Why are we still being persecuted?
Posted by Massimo Camisasca on 16 July 2009 ·
I was christened in the chapel of the Holy Innocents at the Mangiagalli clinic in Milan: my brother and I were born prematurely, and we could not be taken to a church outside the hospital. From its very beginning, my life has been marked by the Holy Innocents: those innocent children who were slaughtered by King Herod in the hope that Jesus would also be killed.
When, as a young man, I became interested in the liturgy, I was moved and almost shocked by the feast of the Holy Innocents. The Church places it after Christmas and the feast of St. Stephen and before the feast of St. John the Baptist. So, in the liturgy, the newborn Jesus is surrounded by Mary, representing virginity, and by the martyrs—the two fundamental ways to follow Him.
Who, then, is a martyr? The word “martyr” comes from the Greek and means “witness”; i.e., people who through their lives and choices and words point to Someone else, Someone who is the light and the foundation of their lives. They indicate the One who is discovered through them because He has been the greatest discovery of their lives. When talking about Him, telling stories about Him, and living for Him, the witnesses are necessarily confronted with some difficulties, and they have to overcome some obstacles. The most common ones are represented by those people who do not want to be disturbed in carrying out their every-day routine and who don’t want to meet new people who are a stimulus for change.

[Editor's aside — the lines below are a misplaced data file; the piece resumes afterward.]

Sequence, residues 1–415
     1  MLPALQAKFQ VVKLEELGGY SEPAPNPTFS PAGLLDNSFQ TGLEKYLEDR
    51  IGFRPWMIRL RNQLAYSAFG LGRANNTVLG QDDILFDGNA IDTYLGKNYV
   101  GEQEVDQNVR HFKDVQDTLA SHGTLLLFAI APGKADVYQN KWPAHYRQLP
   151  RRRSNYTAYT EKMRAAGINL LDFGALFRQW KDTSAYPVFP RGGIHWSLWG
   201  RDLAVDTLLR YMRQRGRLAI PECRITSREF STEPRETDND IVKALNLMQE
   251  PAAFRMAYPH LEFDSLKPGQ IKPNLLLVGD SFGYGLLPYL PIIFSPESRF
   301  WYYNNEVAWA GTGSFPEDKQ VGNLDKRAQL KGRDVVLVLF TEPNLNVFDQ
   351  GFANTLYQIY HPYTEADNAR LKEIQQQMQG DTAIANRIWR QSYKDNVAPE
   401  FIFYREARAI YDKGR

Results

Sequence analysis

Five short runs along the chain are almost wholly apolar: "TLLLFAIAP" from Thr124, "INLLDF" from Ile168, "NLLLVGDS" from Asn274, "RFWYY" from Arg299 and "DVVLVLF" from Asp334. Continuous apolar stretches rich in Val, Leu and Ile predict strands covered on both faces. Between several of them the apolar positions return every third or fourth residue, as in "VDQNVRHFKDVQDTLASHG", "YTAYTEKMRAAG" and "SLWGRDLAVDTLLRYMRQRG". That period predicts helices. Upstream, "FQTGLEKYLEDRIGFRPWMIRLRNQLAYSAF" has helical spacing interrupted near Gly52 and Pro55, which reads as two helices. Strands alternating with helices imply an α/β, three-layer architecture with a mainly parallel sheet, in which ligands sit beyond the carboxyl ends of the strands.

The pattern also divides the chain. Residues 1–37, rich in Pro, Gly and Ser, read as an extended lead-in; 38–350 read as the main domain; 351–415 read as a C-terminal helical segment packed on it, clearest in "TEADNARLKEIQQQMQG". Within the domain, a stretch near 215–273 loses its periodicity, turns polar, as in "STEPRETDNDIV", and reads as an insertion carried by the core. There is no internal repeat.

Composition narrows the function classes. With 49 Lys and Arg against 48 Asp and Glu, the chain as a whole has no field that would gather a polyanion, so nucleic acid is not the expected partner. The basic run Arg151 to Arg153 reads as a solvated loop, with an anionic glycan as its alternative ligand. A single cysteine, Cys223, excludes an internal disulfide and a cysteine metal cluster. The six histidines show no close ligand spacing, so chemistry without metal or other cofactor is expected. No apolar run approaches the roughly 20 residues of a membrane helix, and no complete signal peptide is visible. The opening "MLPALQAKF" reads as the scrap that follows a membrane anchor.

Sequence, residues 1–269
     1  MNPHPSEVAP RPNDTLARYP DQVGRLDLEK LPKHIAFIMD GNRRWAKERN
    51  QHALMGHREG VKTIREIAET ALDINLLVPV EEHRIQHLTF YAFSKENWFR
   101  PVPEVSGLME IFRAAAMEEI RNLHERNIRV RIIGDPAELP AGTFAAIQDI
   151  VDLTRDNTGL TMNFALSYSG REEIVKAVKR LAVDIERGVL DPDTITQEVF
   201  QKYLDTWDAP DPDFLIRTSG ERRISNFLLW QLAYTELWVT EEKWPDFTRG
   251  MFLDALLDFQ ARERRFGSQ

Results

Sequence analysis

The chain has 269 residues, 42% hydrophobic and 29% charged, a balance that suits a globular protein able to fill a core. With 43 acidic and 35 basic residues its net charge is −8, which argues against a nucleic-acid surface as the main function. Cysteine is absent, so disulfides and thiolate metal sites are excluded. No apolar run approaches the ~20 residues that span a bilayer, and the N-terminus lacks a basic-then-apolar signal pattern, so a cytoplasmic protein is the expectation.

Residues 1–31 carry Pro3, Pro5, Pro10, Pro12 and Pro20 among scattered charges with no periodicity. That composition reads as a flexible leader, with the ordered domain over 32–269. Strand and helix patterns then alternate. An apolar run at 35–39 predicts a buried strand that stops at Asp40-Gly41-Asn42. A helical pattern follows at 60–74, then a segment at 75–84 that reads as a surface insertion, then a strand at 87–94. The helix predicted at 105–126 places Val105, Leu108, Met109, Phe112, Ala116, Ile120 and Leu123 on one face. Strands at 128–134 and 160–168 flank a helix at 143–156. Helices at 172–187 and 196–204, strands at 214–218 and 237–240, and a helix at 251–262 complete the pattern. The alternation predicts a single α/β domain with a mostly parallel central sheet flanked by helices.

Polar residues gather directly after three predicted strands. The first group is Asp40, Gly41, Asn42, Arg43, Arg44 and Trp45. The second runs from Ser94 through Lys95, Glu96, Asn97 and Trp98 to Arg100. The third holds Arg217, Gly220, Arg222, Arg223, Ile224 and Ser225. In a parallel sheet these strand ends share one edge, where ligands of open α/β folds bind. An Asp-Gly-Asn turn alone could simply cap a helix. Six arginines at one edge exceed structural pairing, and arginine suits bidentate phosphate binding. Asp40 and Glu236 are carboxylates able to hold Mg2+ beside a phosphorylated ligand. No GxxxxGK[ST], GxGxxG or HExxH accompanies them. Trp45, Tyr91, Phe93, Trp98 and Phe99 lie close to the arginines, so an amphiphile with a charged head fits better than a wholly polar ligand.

On the other hand, there are also people who perceive the presence of Jesus and understand that His primacy discloses an entire world, an entirely new world. It undermines the power of those who want to replace God with money, power, or the endless illusions created by their void promises. Jesus dwells on earth among His enemies. Bernanos wrote that He would be in agony until the end of the world. For this reason, Christians have been and always will be persecuted, until the end of time and in every part of the world. In places where the witness of the martyrs points to the new Lord who offers peace, forgiveness, and joy in their lives, the people begin to hate the lords who, like Herod did, feel threatened on their thrones.
The current and coming issues of Fraternity and Mission are going to be devoted to those parts of the world where Christians are at present harshly persecuted. If we forget about the present-day martyrs, it would mean that we have forgotten Christ and ourselves. We want to talk about them because they are an integral part of us, because they help us understand the dignity of our vocation, the great gift that we have received, and the reality that we have been bought at a high cost. They are aware of this. They know that they have been bought through the blood of Christ, and they are not afraid to shed theirs in the name Christ because they have actually experienced in their lives Jesus’ victory over pain and death. To become aware of the reality of martyrdom, beyond the pain and tragedy that it involves, creates the opportunity to develop a more honest and peaceful approach to our whole life—including our daily trials and tribulations. In this way we participate in His saving Passion.